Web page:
Philosophy 70 (273):429 - 435 (1995)

At the seventh international congress of Logic, Methodology, and Philosophy of Science, held at Salzburg in 1983, I was talking with John Searle when I glanced at my watch and exclaimed, I must run. I'm due to solve the problem of induction at 2.15. ‘Yes,’ he replied, I must go too; I'm due to solve the mind-body problem. I don't know how seriously he meant his remark, but I did actually believe that I had cracked this old problem in the Epilogue of my Science and Scepticism,1 the manuscript of which was then with the publisher. In that book I drew a sharp distinction between the problem which faces a theoretical scientist trying to select, out of several competing theories, the one that best fulfils the aim of science, and the pragmatic problem which faces an applied scientist or practical decision-maker trying to select, out of several competing hypotheses, the one that offers the best guidance. I had what I still regard as a viable solution to the theoreticians problem. It aid that theoreticians should prefer that theory, if there is one, that is the best corroborated; for on a certain non-trivial but uncontroversial assumption about what kinds of test have been made, the best corroborated theory will best satisfy what I claimed to be the optimum aim for science: it will be deeper and wider than its rivals and, moreover, possibly true, given all the reported outcomes of tests in its field. For present purposes we can forget the explications I offered for ‘deeper’ and ‘wider’. As to ‘possibly true’: this reflects the abandonment of hopes that science can arrive at theories that are certainly true, or at least have a high probability of being true, or at the very least have had their probability raised by the experimental evidence.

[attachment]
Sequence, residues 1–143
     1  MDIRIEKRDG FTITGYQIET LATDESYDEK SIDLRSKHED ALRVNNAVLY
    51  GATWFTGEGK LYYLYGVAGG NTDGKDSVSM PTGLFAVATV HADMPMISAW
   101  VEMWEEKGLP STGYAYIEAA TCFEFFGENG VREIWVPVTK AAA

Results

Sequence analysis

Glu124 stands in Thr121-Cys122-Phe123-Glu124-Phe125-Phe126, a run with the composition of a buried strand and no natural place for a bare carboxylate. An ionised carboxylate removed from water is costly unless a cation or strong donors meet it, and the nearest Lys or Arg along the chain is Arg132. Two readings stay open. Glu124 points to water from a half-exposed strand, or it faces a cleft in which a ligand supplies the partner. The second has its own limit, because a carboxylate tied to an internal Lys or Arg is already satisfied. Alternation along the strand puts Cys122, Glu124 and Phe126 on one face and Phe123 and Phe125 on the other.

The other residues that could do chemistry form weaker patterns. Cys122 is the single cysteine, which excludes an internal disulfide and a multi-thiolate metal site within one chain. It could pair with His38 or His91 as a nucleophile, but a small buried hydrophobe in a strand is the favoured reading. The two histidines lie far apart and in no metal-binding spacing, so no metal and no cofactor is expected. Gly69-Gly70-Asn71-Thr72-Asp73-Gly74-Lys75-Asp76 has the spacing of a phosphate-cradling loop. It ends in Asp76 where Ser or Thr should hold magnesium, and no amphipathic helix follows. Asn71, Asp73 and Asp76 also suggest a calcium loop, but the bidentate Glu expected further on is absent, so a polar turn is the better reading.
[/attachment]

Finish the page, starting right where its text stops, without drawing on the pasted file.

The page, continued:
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DOI 10.1017/S0031819100065608
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O Filozofii vedy z pohľadu kritického racionalizmu.John Watkins & T. SEDOVÁ - 2001 - Organon F: Medzinárodný Časopis Pre Analytickú Filozofiu 8 (1):197-213.

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